Agh, sorry! I tell mine they are great but not the best- I think it is important as they become older that they realise it is not a competition, they don't have to be the best.

mymoonandstars Fri 13-Jun-14 22:56:14

I'm sorry to hear that HygieneFreak. You are right, Morefalafal, I dont think I ever felt I was special at all.

She said today, you mustn't let them think they are better than anyone else. And I said why not? To ME they are better than anyone else on earth.

Dont get me wrong, I am not all smug and in peoples faces about having amazing kids. I just mean that someone has to think you are the best. And that person should be your Mum, surely?

I think there are different kinds of telling DC they are the 'best', for example 'loveliest' and 'cuddliest' are light hearted and immeasurable and obviously an expression of a parents love rather than the objective cuddle factor of the child! Even very small children will realise this, in my experience. On the other hand, I think telling them that they are, for example, the 'smartest', 'fastest', 'best in the world at football/reading/dancing/etc' is different because IMO that is just setting them up for a fall when they get beaten at something - but that doesn't sound like what you are doing.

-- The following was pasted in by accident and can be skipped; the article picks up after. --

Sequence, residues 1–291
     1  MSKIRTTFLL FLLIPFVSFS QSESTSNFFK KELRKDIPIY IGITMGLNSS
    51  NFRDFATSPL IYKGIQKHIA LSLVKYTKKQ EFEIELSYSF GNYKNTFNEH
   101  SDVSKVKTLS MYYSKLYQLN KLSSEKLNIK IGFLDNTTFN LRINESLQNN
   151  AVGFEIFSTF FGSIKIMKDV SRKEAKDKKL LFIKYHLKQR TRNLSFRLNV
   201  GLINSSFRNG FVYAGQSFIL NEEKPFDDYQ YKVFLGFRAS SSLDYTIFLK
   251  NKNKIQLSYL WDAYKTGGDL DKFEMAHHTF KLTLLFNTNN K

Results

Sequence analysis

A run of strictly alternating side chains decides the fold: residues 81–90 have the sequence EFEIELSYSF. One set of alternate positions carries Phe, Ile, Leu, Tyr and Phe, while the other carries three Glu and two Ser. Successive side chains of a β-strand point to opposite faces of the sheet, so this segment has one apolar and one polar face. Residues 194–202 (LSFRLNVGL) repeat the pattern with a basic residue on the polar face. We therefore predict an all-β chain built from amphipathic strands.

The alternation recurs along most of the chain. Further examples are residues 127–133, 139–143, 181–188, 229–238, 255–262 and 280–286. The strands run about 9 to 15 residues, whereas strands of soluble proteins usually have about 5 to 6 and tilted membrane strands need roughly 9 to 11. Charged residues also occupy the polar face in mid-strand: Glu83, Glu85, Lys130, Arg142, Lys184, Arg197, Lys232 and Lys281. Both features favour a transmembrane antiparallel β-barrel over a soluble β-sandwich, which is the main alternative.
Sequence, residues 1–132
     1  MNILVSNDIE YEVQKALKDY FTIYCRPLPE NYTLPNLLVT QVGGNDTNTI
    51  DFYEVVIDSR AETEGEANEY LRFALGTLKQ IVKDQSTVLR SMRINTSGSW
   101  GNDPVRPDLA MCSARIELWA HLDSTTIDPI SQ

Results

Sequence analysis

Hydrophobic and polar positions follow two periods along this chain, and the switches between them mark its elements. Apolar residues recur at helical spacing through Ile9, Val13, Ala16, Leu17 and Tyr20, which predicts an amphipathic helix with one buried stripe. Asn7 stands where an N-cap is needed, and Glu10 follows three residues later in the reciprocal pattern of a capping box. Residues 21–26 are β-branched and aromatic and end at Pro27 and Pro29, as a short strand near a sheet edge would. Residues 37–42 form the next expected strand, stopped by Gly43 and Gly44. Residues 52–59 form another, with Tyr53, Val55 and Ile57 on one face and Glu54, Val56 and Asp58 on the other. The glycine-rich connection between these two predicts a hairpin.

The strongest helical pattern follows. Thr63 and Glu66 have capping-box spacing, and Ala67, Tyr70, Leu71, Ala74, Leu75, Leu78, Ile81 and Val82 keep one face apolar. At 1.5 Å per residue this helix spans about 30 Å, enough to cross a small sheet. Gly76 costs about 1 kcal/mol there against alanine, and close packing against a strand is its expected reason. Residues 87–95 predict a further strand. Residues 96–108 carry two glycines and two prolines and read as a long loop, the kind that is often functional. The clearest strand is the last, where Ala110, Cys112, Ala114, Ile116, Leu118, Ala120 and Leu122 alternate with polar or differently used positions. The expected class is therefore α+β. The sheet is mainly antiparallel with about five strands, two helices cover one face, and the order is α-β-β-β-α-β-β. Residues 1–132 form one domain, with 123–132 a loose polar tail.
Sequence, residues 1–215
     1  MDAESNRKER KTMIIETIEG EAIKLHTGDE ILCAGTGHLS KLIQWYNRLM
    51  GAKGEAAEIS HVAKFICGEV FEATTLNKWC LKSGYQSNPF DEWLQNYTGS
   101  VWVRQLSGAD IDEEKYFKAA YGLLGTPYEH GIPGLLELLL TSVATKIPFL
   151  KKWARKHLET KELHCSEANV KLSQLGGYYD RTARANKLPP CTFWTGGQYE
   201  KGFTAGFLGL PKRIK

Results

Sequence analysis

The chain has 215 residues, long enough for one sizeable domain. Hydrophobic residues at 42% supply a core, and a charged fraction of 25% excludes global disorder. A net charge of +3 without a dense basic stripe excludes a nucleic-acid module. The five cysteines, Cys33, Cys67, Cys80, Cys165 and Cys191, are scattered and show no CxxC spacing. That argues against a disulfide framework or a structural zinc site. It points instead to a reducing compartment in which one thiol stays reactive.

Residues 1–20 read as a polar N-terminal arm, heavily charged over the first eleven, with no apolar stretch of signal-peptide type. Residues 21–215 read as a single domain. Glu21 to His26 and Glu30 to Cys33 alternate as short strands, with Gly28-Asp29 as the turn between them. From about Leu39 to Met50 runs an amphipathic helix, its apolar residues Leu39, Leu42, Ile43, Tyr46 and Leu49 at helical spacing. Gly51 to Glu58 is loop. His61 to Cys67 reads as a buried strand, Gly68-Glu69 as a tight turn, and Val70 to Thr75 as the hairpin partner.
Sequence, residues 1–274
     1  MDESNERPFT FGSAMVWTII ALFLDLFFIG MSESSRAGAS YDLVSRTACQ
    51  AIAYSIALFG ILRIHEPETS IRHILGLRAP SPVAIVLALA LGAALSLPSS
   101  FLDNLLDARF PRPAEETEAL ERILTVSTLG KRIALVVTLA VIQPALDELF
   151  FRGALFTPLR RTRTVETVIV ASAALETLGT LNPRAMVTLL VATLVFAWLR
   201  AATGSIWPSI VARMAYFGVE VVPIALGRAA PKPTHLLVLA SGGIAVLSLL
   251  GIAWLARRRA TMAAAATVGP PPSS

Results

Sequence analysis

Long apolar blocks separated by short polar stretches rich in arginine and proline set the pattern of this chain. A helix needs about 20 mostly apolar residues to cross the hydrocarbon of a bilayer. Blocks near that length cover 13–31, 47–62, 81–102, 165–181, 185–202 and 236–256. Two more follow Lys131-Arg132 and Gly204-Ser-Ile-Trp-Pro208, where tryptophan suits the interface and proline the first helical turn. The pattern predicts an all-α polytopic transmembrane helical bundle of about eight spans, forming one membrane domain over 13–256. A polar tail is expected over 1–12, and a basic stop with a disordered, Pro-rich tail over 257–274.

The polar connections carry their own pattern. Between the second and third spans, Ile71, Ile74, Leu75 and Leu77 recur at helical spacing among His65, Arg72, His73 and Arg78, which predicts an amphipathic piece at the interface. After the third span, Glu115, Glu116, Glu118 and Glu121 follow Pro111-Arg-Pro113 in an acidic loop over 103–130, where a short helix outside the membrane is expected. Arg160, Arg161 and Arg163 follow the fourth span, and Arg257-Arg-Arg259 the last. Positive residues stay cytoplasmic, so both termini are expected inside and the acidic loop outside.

But anyway, just read your post back to yourself - it sounds like your Mum's words were actually quite damaging to you and so she is not someone you should be taking advice on this matter from - you wouldn't want your DC saying the same things you say about your mum about you in 20 years time. Your approach sounds fine, just do your best and trust your instincts.

PortofinoRevisited Fri 13-Jun-14 22:57:30

i tell my dd that i love her daily. i praise her achievements whatever they may be.

Ilovecake80 Fri 13-Jun-14 23:02:05

I always tell my son he's the best, cutest, amazing etc and that I love him, he's says it back to which is really cute. I think it's all about giving them confidence and I always try to give praise whenever possible even playing. Your mum is wrong, you carry on telling your children they are the best because they are.